Monday, April 30, 2007

A decent writer? Try amazing . . .

A.E. Sacco, an avid reader, 04/16/2007 Customer Rating for this product is 2 out of 5
O.M.G.!!!! I believed the hype and picked this book up and it was the worst piece of crap I have read in a long time. 'Boring' does not do justice to how slow and uneventful this novel is. I sped-read most of it to see if the character would get the hell out of the 'university' and fight some monsters 'yeh, he eventually fights a dragon...yawn....'. Instead, the poor reader is subjected to the most minute happennings. I will admit the author is a decent writer, and has a great story on his hands....but PLEASE! Over 600 pages of mostly 'nothing'....I'm sorry...if this is 'the best fantasy novel of the past ten years', then I'll read other genres.

I found the above review of Patrick Rothfuss's The Name of the Wind on Barnes and Noble. I must admit that my first response was a scathing rebuttal of the blather spouted above, but then I stopped to think . . . while I completely disagree with the reviewer's assessment of the novel, as should be obvious if you read my previous post, I can remember a time when all I wanted out of a fantasy novel was for the main character to "fight some monsters." That was what drew me to R.A. Salvatore's novels, which I mentioned in an earlier post. But my tastes have evolved since junior high. The Name of the Wind is a character driven story, not a plot driven story. That's not to say that the plot is in any way lacking because it's not, but meeting Kvothe and coming to know him is what propels the story forward--it is first person narrative after all.

So instead of the scathing response I was planning I'll simply acknowledge that this book will not appeal to everyone. For people who want monsters and action filling every other page, you'd better grab a different book. But for those who want to truly know the characters who fill the pages of the books they read, you're not going to find a better novel than this one.

Wednesday, April 18, 2007

The Name of the Wind

I finished reading Patrick Rothfuss’s The Name of the Wind yesterday, and after a mere 2 hours or so picked it up and started reading it again. Now why in the world would I do this? I asked myself that question a few times and my answer is:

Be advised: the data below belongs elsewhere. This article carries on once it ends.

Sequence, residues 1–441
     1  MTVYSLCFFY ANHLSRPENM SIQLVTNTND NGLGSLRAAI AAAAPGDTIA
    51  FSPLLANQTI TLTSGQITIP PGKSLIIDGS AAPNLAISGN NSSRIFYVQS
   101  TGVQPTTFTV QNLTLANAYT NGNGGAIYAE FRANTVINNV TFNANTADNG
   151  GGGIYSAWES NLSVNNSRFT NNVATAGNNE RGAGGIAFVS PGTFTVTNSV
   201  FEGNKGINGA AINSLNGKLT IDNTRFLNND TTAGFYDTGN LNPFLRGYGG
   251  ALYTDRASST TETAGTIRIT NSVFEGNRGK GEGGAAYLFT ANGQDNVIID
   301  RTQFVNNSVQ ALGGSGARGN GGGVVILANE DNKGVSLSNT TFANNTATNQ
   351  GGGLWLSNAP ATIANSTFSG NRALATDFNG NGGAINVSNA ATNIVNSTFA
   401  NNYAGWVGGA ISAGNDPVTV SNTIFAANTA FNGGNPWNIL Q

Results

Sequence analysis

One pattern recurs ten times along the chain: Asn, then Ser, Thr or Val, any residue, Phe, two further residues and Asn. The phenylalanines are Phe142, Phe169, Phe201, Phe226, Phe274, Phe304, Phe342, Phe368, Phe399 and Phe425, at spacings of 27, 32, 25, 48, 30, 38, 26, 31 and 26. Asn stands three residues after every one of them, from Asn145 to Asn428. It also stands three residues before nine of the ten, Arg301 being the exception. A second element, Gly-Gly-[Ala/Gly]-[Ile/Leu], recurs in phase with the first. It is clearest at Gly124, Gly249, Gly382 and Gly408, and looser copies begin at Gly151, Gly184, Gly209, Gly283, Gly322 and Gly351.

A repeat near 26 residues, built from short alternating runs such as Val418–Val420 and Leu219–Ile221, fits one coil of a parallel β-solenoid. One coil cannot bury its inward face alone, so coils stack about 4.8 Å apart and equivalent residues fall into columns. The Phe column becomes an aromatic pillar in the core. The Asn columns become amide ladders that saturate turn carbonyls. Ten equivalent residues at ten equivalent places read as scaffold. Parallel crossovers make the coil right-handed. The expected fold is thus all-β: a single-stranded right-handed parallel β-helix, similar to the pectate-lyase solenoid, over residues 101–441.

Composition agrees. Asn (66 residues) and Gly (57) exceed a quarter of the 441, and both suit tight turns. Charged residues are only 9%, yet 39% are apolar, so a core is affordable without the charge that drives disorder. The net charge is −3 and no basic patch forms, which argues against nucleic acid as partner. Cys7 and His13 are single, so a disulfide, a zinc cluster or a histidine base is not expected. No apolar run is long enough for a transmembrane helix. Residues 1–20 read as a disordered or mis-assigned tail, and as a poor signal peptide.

It’s damn good writing.
But it’s also a riveting story.
And the characters are absolutely believable.

I guess that’s three answers.

In his most recent blog entry, Patrick Rothfuss writes,

True, all authors use words, but not all authors focus on making them beautiful. Shakespeare loved words, so did Roger Zelazny and Angela Carter. Ray Bradbury also has what I consider a poetical turn of phrase, by which I mean that the language itself is beautiful, regardless of content, character, or cleverness.

Some authors just don't play that word game. They care more about story, or plot, or character, or... I dunno, unicorns or making money. I'm not being critical here. Those things are important. Those authors can still write good stories, there's no denying that.

But my favorite authors love words AND character AND story... and sometimes unicorns, I guess.

If Rothfuss could somehow read his story for the first time, it would be exactly the type of novel he loves. Which shouldn’t be surprising since we all strive to write the kind of books we would love to read. The language Rothfuss uses is beautiful, absolutely beautiful. I found myself rereading sections simply because they were so delightfully and beautifully written. He has a poetical turn of phrase, and there are passages that simply sing. If my novel is half as beautifully written as this, I’ll be overjoyed.

As for the characters: Kvothe is a living and breathing character who practically leaps off the page—unruly red hair, eyes bright green like new growth grass, and all. He is absolutely believable, especially to anyone who remembers being a boy and the awkwardness that comes with growing up. And the story . . . well, the story pulled me in, immersing me in Kvothe’s world so much that I half expected to see the scrael scuttling through my backyard (a truly terrifying thought for anyone who hates spiders as passionately as I do).

I hate reading teasers and spoilers because I always find the story slightly less surprising, slightly less magical when I have an idea of the shape of things going in, so I won’t give you a synopsis or anything here. I’ll just tell you to run out and grab this book. Grab two. It’s that good.

The verdict: 10/10